(Article via Yahoo Finance)

A book that shouts girl power!


The timing of Sheryl Sandberg’s new book “Lean In” could not have been better, considering that a lot of discussion lately in the social media and news sites, has been about the “work-life” balance. One article in the NY Times asks “Is There Life After Work?”, good question! One that most of us have asked ourselves at one time or another. With ever-growing demands at the workplace and most of us having little kids at home to take care of, it is no easy task to keep it all together.  “Lean In” is about finding that balance in work and life to achieve what we want. And key to that balance is finding the right partner, an equal and supportive partner. In a truly equal world, as Sandberg says, men would run half the homes and women half the countries. Also key is women finding the initiative and will to lead. If more women took on leadership roles at the workplace and more men contributed at home, we would surely be making some progress towards a truly equal world.

Far from being a memoir or a preachy lesson on women’s rights, “Lean In” is an inspiring call to action. As promised in the introduction, the book aims to be less of a feminist manifesto and more of an open and honest discussion on some of the issues women deal with at the workplace and finding ways to overcome them. Each chapter addresses a particular situation or dilemma and where appropriate Sandberg offers helpful suggestions. Nobody starts out chartering their complete career path fresh out of college, but with the right attitude and a drive to succeed, it definitely is possible to make it to that highest rung, as evidenced by Sandberg’s own success.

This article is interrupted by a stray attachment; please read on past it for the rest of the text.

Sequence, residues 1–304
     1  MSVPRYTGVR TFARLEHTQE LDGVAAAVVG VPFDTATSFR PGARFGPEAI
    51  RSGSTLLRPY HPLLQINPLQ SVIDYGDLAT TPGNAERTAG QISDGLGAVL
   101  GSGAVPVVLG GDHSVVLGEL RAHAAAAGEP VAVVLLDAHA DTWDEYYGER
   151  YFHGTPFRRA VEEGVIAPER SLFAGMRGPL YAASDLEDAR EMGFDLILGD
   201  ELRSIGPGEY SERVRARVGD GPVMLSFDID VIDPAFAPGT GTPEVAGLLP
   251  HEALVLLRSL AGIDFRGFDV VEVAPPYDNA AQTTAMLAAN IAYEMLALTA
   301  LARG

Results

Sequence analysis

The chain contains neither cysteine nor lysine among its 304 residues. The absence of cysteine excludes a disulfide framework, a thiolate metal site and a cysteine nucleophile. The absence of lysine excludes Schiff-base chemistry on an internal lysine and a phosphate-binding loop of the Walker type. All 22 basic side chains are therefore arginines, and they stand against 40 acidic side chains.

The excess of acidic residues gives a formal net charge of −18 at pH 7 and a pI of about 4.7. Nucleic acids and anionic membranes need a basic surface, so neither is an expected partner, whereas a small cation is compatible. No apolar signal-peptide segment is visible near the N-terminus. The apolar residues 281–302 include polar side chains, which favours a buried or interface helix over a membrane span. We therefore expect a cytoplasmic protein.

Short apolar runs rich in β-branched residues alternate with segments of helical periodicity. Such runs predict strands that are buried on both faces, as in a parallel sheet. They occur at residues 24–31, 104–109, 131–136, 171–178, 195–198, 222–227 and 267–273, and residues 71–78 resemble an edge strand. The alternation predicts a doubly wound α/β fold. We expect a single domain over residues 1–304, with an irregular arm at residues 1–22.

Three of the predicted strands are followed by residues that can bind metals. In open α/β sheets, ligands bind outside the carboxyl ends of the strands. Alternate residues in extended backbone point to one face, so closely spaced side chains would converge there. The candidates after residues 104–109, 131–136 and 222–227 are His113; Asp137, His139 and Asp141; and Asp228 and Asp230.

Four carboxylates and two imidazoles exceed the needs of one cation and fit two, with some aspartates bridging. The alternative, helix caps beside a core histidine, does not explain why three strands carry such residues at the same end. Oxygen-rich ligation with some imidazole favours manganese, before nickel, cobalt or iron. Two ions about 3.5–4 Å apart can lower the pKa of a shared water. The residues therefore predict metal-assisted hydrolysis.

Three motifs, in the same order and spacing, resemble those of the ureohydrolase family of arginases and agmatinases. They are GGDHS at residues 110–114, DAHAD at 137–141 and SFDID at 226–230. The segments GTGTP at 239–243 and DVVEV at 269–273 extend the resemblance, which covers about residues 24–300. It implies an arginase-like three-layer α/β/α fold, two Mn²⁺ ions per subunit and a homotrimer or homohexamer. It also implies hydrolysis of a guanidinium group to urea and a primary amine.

The book, undoubtedly makes a few valid points worth thinking about. One explanation on what could be holding women back from realizing their full potential, is that fundamentally, women are plagued by self-doubt, more so than their male counterparts. When offered a compliment on a job well done, women usually attribute it to being at the right place at the right time, having had help from others, or sometimes sheer luck but rarely to their own skills. Women are uncomfortable or even embarrassed when they are thought of as being too aggressive or too outspoken. She is too ambitious is not necessarily viewed as a good thing at the workplace.  There is also something to be said about perception. Men are expected to advocate for themselves and play hardball but the same behavior from a woman is perceived as violating the gender norm. Still, rather than explaining away the reason for a dearth of female leaders on a male dominated society, Sandberg points to the fact that women more often than not, hold back when presented with challenging opportunities. To be noticed and be rewarded for our accomplishments, we need to speak up, demand an equal seat at the table and not be afraid to express our opinion. In essence, we need to “Lean In” instead of “leaning back”. It goes without saying that in addition to having the right approach and mindset, finding a motivating mentor or sponsor at work is invaluable to career progression. Mentors are often encouraged by an employee who shows potential, and a good word from someone higher up in the food chain can do wonders for one’s career.

The part in the book that resonated with me the most, is when Sandberg says “Think about what you would do if you are not afraid, and do it”. Take a leap of faith and believe in yourself that you have what it takes. Here’s a crazy idea, I have always wanted write. If I was not afraid I would take a creative writing course and start working on my novel. I would offer an opinion without worrying if I am being judged. I would speak up when I have something meaningful to add. I would take on a challenging project at work without over analyzing whether I can handle it. I would put myself out there if I was not afraid. And as scary as this sounds, I have a feeling this is just what I need. Success is sure to follow.

(image via amazon.com)